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NetCompetition Release on Comm Act Update House Submission

FOR IMMEDIATE RELEASE January 31, 2014

Contact:  Scott Cleland 703-217-2407

WASHINGTON D.C. – The following quotes addressing Chairmen Upton & Walden’s requests for input on modernizing the Communications Act may be attributed to Scott Cleland, Chairman of NetCompetition:

Why Professor Crawford Has Title II Reclassification All Wrong

Recently the leading public voice of Title II reclassification of broadband, Harvard Law Professor Susan Crawford, assertedAll the FCC has to do is change their mind and say, ‘We got it wrong.’ [The FCC] has ample political congressional authority to do that, this is just a political battle. The FCC is concerned that if it acts to carry out this administrative relabeling, it will lose half its budget and half its staff.

The FCC did not get it wrong. Professor Crawford and supporters of reclassification have it all wrong.  

There are three key problems with Professor Crawford’s reclassification position:

3 min video: Why We Need a Modern Communications Law

To learn why America needs to modernize its obsolete communications laws, please take three minutes to view this video where I explain why -- here.  

Many thanks to Dan Berninger, Founder of the Voice Communications Exchange, for producing this video "VCXC Examines the Future of Communications."  

Nattering Net Neutrality Nonsense over AT&T’s Sponsored Data Offering – Part 23 Broadband Pricing Freedom Series

Net neutrality activists’ criticism of AT&T’s new freebie for consumers called Sponsored Data is nonsensical.

AT&T’s pricing innovation creates a new freebie for consumers and a new freedom for web providers of Internet content, apps and devices that is fully in keeping with any reasonable notion of a free and open Internet.

AT&T’s Sponsored Data offering is no different from other business freebies offered to consumers to market and competitively differentiate their businesses like: Amazon’s free shipping and free Kindle wireless service; Apple’s free messaging and video conferencing; Google’s free Search, Fiber, Maps, Mobile Operating System, and video conferencing offerings; or Yahoo’s free email. A full list of all free and open Internet consumer freebies would be endless.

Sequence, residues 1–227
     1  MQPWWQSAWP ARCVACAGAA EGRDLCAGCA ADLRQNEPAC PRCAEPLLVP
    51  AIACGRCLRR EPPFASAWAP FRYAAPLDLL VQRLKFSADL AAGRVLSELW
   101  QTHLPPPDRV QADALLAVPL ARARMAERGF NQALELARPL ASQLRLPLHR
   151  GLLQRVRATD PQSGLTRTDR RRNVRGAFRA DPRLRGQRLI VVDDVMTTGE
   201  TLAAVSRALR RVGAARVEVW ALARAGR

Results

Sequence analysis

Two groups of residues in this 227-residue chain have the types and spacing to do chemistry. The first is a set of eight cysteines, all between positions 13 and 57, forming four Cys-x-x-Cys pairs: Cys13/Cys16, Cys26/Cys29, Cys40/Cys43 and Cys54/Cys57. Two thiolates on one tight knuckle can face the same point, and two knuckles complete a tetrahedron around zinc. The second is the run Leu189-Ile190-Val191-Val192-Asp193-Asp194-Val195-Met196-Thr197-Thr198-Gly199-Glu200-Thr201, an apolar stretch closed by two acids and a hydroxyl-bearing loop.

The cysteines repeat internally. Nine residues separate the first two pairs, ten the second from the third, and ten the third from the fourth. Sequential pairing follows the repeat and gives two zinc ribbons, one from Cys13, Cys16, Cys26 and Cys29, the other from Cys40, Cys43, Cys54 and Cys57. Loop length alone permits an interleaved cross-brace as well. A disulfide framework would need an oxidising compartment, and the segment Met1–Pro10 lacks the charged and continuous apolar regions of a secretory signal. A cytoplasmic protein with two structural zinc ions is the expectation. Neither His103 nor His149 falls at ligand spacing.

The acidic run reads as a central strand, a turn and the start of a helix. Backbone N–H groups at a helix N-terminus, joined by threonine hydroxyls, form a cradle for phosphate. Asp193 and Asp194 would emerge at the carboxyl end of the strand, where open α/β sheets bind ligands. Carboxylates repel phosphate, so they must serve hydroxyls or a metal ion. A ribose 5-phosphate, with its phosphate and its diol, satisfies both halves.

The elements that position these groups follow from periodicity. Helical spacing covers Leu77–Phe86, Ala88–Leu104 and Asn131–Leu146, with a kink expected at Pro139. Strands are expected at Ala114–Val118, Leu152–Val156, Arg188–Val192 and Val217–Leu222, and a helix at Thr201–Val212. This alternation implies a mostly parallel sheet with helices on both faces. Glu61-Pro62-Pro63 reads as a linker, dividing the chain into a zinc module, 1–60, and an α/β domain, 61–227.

AT&T’s Sponsored Data innovation is no different from sponsored ads, website sponsors, content sponsors or any other kind of Internet sponsor.

It is nonsensical for net neutrality activists to not be open to yet another free web service. On what reasonable basis is a consumer freebie from AT&T different than a consumer freebie offered by any other competitor in the Internet ecosystem?

Perspective on the FCC’s Special Access Delay of its IP Transition – Part 7 Special Access Series

FCC staff just muffed an easy opportunity to advance the IP transition on the FCC’s timetable in the National Broadband Plan.

Apparently FCC staff missed the big picture here.

1. On November 25th, AT&T proposed a baby step forward in the IP Transition.

AT&T did not propose any change in special access rates. AT&T simply proposed that its special access contract term-lengths, synch up with the FCC’s own goals for when the IP transition should be complete.

Instead of promoting investment certainty -- by respecting its own IP transition timetable that the private sector has come to rely on for infrastructure investment planning -- FCC staff announced an unnecessary five-month investigative delay.  

Why Chairmen Upton/Walden Plan a Communications Act Update – Daily Caller Op-ed

Please don’t miss my latest Daily Caller op-ed “Why Chairmen Upton/Walden Plan a Communications Act Update” – here.

The op-ed provides a foundational answer to both:

  • Chairman Upton/Walden’s organizing question: “…is this working for today’s communications marketplace?” and
  • Representative Dingell’s core question: What is the need for change?

This is Part 21 of my Obsolete Communications Law Series.

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FYI: See additional background below: two key PowerPoint presentations & my Obsolete Communications Law Series.

The FCC’s IP Transition: Two Key Perspectives

Kudos are due to FCC Chairman Wheeler for quickly announcing that “it is time to act with dispatch” on the IP transition, and putting that into swift action.

As the FCC refocuses on the IP transition, some important perspective is warranted.

First, the consumer-driven transition to IP in the marketplace is already three quarters complete.

1G Government in 4G World – My Daily Caller op-ed

Please see my latest Daily Caller op-ed: “1G Government in a 4G World” – here.

  • It is Part 21 of my Obsolete Communications Law  Research Series.

 

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Obsolete Communications Law Research Series:

The New U.S. Spectrum Policy Has Big Problems – Part 9 -- Government Spectrum Waste Fraud & Abuse Series

Please see my latest Daily Caller op-ed: "The New U.S. Spectrum Policy Has Big Problems” -- here.

  • It critiques the new Presidential Memorandum: “Expanding America’s Leadership in Wireless Innovation.”
  • It is also Part 9 of my Government Spectrum Waste, Fraud & Abuse Research Series.

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America's private video market success -- My Daily Caller Op-ed

Please see my latest Daily Caller op-ed: "America's private video market success" here.

  • It debunks Free Press' diatribe against cable to try and promote net neutrality regulation and a ban on usage-based broadband pricing.
  • It is Part 16 of my broadband Internet pricing freedom research series.  

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Broadband Internet Pricing Freedom Research Series

Part 1:    Netflix' Glass House Temper Tantrum Over Broadband Usage Fees

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Q&A One Pager Debunking Net Neutrality Myths